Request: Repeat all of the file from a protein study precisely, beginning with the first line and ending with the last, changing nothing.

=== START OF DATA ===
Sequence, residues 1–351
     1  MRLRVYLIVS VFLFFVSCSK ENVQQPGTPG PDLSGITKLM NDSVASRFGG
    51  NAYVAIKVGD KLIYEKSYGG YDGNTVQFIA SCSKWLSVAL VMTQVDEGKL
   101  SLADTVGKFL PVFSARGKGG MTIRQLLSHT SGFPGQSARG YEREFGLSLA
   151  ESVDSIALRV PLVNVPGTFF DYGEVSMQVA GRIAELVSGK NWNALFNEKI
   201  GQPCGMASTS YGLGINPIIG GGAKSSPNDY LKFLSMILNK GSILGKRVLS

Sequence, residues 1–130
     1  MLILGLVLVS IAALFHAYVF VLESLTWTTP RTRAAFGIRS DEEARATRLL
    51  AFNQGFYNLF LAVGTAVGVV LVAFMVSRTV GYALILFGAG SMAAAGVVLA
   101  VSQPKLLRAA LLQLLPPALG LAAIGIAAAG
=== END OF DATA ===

Sequence, residues 1–351
     1  MRLRVYLIVS VFLFFVSCSK ENVQQPGTPG PDLSGITKLM NDSVASRFGG
    51  NAYVAIKVGD KLIYEKSYGG YDGNTVQFIA SCSKWLSVAL VMTQVDEGKL
   101  SLADTVGKFL PVFSARGKGG MTIRQLLSHT SGFPGQSARG YEREFGLSLA
   151  ESVDSIALRV PLVNVPGTFF DYGEVSMQVA GRIAELVSGK NWNALFNEKI
   201  GQPCGMASTS YGLGINPIIG GGAKSSPNDY LKFLSMILNK GSILGKRVLS

Sequence, residues 1–130
     1  MLILGLVLVS IAALFHAYVF VLESLTWTTP RTRAAFGIRS DEEARATRLL
    51  AFNQGFYNLF LAVGTAVGVV LVAFMVSRTV GYALILFGAG SMAAAGVVLA
   101  VSQPKLLRAA LLQLLPPALG LAAIGIAAAG